If you are one of the regular readers of my blog then you know that I am among the least intellectually consistent people you will find. Although I don’t take the Bible literally, I am very active in my synagogue. Although I tend to be skeptical about most things spiritual, I spent many years as a disciple of Paramshansa Yogananda and the Self Realization Fellowship. Although I am really bad at it, I tend to be as much of a rationalist as my love for Judaism, my love of Kriya Yoga, and my love of all of the amazingly wonderful religious friends that I have in my life allows.

The whole point of writing this blog is that I do struggle with my rationalism in relationship to my interest in, and openness to accepting, other people’s viewpoints. This blog is all about my struggle and my skepticism. It’s intended to allow me to share my wavering thinking with all of you, in the hope that if even one of my posts helps someone else I will have done a good thing. So, once again, as I struggle with rationalism and religiosity, I wanted to talk about Thanksgiving and the ability to build a life of gratitude whether or not one is religious.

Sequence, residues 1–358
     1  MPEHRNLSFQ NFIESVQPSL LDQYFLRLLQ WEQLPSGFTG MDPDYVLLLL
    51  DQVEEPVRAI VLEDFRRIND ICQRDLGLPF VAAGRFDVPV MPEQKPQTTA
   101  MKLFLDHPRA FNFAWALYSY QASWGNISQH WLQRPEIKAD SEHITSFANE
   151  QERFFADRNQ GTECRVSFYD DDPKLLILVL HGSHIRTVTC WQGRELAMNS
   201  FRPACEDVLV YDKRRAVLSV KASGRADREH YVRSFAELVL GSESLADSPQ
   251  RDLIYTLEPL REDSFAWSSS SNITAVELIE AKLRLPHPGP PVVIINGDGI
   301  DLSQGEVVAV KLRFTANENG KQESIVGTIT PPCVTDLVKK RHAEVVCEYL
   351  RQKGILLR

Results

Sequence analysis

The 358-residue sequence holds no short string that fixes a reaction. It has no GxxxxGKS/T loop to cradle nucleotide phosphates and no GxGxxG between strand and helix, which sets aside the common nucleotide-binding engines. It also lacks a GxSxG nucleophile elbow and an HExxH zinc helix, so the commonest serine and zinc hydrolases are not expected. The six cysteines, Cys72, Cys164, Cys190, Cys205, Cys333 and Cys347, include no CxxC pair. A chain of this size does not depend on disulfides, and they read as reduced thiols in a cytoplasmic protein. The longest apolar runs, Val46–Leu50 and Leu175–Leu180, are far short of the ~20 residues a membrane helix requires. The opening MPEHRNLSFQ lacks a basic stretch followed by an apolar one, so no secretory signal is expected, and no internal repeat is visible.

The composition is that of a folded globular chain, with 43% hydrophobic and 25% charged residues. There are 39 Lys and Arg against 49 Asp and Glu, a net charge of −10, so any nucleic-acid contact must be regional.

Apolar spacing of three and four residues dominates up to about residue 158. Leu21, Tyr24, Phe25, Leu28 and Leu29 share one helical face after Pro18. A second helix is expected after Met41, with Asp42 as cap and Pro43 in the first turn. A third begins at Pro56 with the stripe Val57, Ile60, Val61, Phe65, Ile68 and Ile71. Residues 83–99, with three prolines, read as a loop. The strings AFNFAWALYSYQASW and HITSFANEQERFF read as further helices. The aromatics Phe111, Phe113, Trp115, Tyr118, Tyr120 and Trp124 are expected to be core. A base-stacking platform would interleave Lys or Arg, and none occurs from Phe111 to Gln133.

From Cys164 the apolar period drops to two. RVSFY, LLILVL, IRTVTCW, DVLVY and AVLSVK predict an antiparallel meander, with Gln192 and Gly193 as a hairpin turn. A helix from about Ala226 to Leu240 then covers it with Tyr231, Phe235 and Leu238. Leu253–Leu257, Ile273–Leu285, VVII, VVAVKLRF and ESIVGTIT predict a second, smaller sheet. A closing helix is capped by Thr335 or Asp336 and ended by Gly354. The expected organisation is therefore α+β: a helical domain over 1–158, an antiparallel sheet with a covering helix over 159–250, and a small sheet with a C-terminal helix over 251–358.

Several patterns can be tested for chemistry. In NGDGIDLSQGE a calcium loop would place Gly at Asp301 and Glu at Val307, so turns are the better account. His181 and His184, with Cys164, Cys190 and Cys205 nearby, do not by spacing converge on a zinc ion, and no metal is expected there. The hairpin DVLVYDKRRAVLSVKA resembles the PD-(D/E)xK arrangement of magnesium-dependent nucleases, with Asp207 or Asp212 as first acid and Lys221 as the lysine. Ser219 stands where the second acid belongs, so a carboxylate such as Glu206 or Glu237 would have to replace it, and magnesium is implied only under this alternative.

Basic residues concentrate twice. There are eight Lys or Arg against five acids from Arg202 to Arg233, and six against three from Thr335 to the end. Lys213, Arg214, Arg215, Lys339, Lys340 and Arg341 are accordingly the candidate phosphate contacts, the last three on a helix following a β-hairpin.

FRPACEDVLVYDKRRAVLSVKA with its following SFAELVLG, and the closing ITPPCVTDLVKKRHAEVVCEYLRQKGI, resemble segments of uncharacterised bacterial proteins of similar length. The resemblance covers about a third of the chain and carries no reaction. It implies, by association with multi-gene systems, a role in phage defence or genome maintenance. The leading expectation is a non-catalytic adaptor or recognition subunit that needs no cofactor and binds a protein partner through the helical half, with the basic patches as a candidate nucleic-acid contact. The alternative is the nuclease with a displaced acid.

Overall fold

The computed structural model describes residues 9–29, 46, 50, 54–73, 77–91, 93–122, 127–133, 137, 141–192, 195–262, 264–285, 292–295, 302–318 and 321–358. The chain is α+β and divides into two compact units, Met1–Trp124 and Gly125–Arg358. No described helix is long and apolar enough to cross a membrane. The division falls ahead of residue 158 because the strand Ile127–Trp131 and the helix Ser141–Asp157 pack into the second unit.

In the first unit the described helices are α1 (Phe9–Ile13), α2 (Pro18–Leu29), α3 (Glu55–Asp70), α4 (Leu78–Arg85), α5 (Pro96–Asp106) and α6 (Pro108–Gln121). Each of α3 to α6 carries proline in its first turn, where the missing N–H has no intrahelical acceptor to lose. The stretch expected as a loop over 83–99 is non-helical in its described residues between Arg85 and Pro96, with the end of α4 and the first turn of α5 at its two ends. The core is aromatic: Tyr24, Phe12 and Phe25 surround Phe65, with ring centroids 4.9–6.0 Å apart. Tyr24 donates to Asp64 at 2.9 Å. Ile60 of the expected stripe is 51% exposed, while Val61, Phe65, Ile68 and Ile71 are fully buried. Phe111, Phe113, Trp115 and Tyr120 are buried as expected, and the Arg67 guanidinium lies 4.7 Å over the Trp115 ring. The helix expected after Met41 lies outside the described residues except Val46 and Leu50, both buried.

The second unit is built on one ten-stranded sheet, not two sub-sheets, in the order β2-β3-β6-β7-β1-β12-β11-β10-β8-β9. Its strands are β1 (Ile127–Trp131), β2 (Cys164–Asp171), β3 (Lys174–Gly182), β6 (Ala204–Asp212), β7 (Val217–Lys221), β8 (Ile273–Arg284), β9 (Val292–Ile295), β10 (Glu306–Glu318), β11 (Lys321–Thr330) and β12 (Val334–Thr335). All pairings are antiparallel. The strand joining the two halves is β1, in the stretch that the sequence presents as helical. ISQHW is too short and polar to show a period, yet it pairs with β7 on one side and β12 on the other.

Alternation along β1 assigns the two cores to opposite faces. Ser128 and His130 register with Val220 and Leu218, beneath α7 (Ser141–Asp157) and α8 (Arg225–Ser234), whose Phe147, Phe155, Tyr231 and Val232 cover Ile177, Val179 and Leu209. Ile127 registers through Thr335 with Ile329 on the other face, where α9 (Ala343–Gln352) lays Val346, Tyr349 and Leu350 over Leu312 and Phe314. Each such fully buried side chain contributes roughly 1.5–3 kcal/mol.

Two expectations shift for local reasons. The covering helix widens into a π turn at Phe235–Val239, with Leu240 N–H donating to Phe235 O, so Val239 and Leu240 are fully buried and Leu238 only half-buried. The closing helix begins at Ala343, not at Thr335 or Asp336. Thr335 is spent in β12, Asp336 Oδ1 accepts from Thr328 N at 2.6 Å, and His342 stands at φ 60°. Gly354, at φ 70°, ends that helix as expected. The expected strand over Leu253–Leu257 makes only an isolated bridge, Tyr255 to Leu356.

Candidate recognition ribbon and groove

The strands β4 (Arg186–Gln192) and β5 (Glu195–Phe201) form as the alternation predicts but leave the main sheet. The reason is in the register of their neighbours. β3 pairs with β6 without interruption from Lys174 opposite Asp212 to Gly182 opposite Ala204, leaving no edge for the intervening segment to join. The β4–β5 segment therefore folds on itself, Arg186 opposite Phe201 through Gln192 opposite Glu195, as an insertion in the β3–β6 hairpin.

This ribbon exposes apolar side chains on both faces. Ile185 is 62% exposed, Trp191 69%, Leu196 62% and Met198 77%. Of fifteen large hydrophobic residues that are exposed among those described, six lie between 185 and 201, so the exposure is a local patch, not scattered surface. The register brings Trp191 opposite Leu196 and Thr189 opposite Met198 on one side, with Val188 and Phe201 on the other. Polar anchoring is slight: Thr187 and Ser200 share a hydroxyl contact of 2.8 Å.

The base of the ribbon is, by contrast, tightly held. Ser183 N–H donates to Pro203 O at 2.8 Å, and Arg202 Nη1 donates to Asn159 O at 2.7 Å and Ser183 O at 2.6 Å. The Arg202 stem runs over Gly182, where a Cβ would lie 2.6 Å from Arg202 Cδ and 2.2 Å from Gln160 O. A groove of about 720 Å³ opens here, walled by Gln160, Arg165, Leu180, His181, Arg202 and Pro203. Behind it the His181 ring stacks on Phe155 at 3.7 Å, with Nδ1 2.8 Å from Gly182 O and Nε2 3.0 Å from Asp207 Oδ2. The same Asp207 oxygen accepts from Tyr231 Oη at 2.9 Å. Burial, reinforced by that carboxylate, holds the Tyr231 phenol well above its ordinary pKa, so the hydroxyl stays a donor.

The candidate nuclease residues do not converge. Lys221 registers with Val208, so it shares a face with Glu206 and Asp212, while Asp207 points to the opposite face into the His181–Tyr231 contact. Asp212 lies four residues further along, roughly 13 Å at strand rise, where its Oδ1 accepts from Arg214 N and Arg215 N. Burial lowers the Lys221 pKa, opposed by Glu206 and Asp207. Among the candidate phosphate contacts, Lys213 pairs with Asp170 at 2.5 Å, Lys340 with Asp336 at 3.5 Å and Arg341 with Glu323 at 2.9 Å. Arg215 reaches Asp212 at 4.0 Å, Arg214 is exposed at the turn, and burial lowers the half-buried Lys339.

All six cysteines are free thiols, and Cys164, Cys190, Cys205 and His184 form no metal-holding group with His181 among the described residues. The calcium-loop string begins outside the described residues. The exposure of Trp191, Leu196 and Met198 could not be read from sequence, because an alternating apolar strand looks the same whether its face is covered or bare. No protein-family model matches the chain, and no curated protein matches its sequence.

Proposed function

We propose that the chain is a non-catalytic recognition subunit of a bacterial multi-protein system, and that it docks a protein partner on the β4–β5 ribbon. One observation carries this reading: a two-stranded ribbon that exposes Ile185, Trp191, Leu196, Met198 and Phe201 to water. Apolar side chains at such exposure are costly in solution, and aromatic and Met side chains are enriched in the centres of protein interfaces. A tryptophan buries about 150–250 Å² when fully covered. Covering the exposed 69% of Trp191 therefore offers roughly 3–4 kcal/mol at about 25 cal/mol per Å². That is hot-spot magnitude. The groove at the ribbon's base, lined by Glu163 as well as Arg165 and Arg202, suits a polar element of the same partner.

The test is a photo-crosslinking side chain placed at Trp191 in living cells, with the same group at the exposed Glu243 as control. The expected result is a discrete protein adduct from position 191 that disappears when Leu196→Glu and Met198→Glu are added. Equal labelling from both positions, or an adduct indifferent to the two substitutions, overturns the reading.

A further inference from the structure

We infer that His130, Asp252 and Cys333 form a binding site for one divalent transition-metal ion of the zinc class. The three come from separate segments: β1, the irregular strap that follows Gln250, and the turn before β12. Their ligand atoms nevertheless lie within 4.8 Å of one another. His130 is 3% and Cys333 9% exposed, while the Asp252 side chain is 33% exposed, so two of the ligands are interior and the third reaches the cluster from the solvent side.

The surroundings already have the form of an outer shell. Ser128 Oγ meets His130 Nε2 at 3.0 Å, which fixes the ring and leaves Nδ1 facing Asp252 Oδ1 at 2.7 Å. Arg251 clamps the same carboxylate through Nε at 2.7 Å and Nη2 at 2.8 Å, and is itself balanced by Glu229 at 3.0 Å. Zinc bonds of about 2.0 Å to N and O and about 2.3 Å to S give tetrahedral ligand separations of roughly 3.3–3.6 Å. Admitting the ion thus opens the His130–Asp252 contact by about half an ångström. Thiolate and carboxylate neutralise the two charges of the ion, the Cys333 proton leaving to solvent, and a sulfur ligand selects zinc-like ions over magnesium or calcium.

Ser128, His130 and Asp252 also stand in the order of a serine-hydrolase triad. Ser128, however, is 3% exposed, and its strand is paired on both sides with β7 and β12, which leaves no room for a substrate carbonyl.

This year, I want to do this by sharing my personal set of gratitudes.

One of the most interesting things I’m grateful for is that someone invented a medical technology called MRI. What kind of guy would even think about hitting a human body with a magnetic pulse to get all your atoms to line up and then to image that body by measuring how long it takes them to go back to the way they were! The guy must be a genius. What completely blew me away though was to realize that the genius who invented this technique has almost diametrically opposite beliefs to mine.